Stand-in England captain Jos Buttler told not to cross the line

England's captain Jos Buttler walks back to the pavilion after his dismissal by Bangladesh's Taskin Ahmed during their second one-day international cricket match in Dhaka, Bangladesh, Sunday, Oct. 9, 2016. (AP Photo/ A.M. Ahad)
England's captain Jos Buttler walks back to the pavilion after his dismissal by Bangladesh's Taskin Ahmed during their second one-day international cricket match in Dhaka, Bangladesh, Sunday, Oct. 9, 2016. (AP Photo/ A.M. Ahad)
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England head coach Trevor Bayliss hopes Jos Buttler will keep his emotions in check in the heat of the moment in future after being given an official reprimand for his angry exchange with several Bangladesh fielders on Sunday.

After being dismissed on review in the second one-day international in Dhaka, Buttler felt Bangladesh were too excessive in their celebrations and a heated confrontation ensued before umpires intervened to send the England captain on his way.

While Buttler was merely given a warning for breaching level one of the ICC’s code of conduct, opposite number Mashrafe Mortaza and batsman Sabbir Rahman were fined 20 per cent of their match fees for their part in the incident.

However, all three were given one demerit point, as part of the ICC’s revised code of conduct which was introduced last month, and should any of them reach four, they face being handed a suspension.

Bayliss has no problems with Buttler, captain for the three-match series in place of the absent Eoin Morgan, standing up for himself but has urged the 26-year-old not to cross the line.

Bayliss said: “He got a slap on the wrist and I am sure he will be doing his best to stay out of trouble in the future.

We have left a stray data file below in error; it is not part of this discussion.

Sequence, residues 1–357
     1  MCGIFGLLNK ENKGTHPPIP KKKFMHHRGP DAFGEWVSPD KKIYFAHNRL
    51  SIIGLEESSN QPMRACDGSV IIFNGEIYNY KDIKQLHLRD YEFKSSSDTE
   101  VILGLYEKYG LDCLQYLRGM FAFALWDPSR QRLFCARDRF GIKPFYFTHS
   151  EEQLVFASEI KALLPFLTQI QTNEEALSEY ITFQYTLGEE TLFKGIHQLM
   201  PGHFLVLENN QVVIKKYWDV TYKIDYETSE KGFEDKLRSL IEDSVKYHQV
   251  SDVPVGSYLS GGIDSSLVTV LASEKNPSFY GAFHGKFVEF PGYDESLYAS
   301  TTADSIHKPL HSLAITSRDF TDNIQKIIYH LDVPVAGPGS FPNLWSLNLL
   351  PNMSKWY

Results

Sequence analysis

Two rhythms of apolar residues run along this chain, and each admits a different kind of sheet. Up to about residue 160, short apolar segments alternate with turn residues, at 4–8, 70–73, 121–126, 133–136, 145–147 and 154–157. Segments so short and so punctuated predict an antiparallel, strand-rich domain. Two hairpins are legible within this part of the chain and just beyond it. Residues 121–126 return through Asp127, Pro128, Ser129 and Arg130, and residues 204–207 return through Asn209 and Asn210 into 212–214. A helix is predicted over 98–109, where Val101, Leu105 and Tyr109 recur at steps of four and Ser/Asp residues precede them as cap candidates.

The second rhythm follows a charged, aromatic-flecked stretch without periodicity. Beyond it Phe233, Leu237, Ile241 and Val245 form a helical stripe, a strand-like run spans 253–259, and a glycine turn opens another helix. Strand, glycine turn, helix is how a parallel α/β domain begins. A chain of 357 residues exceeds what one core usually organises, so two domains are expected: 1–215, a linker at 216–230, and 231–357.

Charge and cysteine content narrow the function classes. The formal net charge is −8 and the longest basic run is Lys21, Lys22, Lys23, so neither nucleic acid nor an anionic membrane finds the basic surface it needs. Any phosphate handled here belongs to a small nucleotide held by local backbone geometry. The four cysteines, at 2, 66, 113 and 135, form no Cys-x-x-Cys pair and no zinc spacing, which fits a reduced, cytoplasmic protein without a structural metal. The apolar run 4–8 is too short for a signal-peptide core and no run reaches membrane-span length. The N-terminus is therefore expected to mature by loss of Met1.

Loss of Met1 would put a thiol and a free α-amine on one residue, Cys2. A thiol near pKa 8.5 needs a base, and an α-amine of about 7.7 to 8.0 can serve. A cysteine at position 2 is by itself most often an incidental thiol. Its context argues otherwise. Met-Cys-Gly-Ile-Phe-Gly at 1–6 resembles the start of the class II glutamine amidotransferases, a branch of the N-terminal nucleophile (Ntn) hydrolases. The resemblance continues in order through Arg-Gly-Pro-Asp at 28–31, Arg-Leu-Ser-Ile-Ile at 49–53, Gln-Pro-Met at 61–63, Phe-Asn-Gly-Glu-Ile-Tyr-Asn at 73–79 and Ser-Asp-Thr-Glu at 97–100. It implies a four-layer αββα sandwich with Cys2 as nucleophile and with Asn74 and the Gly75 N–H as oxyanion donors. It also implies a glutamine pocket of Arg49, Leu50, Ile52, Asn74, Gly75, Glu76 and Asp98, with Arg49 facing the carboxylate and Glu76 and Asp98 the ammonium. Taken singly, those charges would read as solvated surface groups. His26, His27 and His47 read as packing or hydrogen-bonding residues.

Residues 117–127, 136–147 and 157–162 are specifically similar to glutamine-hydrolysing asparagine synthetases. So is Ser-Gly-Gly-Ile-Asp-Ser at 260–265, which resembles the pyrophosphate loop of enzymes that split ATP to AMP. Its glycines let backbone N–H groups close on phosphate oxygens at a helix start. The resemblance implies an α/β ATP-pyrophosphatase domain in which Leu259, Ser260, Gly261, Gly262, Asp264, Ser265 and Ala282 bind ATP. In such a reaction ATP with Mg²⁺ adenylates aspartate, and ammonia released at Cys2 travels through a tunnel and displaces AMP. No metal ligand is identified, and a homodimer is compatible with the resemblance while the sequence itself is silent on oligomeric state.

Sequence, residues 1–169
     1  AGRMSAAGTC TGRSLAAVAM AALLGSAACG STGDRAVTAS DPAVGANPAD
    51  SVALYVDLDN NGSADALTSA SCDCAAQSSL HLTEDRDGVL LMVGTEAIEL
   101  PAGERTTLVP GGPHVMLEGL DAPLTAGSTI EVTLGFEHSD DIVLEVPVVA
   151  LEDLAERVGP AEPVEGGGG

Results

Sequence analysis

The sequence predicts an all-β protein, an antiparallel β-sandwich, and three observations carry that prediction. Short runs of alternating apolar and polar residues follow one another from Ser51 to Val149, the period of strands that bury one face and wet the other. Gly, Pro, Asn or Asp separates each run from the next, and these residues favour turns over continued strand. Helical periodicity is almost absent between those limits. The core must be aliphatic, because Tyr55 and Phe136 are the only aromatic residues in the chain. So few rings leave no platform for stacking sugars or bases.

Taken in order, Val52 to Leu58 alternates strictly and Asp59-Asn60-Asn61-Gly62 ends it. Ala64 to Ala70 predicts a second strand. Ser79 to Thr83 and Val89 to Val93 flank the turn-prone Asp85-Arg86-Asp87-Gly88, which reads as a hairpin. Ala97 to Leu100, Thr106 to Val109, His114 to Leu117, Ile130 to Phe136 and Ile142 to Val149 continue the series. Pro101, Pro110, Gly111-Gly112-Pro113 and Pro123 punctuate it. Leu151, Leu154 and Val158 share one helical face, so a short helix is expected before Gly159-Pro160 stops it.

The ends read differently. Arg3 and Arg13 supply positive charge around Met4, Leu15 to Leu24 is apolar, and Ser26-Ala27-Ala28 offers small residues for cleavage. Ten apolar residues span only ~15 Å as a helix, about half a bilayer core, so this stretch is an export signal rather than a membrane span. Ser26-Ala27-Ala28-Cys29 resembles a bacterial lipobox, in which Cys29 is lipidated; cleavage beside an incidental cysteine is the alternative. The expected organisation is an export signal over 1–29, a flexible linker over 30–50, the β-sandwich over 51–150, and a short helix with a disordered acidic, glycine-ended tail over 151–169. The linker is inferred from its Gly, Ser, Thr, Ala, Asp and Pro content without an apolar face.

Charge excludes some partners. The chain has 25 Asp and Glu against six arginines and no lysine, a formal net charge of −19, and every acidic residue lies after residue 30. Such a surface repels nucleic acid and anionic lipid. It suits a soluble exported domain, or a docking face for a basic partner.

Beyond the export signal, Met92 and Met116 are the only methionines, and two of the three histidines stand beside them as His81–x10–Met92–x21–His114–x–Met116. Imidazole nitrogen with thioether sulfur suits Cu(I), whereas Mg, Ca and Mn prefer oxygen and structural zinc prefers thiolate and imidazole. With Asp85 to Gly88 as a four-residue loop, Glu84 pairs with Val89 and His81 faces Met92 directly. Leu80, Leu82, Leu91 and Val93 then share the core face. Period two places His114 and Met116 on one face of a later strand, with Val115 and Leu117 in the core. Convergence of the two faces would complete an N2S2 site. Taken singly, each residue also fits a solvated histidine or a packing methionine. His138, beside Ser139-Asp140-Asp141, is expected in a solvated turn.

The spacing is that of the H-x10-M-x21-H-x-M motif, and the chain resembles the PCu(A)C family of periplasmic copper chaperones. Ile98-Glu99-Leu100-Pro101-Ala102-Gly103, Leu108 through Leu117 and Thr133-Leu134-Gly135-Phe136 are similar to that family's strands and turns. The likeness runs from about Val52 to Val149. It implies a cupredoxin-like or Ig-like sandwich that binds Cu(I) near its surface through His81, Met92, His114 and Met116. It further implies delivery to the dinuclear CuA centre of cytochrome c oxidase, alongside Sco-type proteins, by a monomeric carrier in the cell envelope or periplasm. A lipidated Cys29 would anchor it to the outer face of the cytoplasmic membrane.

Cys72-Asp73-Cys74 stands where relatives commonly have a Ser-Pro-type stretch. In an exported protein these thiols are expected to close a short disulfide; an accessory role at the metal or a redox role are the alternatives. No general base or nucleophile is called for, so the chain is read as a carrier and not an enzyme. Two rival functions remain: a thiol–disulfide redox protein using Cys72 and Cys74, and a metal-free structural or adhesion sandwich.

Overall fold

“I haven’t read the match referee’s report but the Bangladesh players were fined and Jos was warned for retaliating and that in itself tells a bit of a story. I think Jos wearing the captain’s hat was not going to take it lying down.

“You only have to watch some of our pre-match football matches to see the passion he has got. I have no qualms about the passion he shows. He has to be a little more careful about how he reacts.

“We have got to be on the lookout to make sure it does not distract us from the way we want to play the game and concentrating on what we do. We have spoken about it before when the Pakistan series started and there will probably be a reminder from the coach leading into the third game.

“But we are not going to back down from anything and certainly we have some characters in the team who will not back down.”

There was further controversy at the end of the match when the players were shaking hands as Buttler’s deputy, Ben Stokes, seemed to confront Tamim Iqbal.

Reports suggested the Bangladesh batsman had shoulder-barged Jonny Bairstow but Bayliss said England’s vice-captain for the series was reacting to separate remarks made against the tourists.

Bayliss said: “There were some other comment made, nothing to do with the report. Stokesy to his credit was the one trying to get clarification on what they actually meant. It was not directed at him personally but he was the one standing up for his team-mates.”

The disputes took the shine off a fine 34-run victory for Bangladesh and one that sets up a decider at Chittagong tomorrow – although Bayliss does not think there will be any lingering bad feeling.

Victory for Bangladesh would seal a seventh successive home series win in the 50-over format – an outstanding accomplishment for a side that were not so long ago regarded as cannon fodder.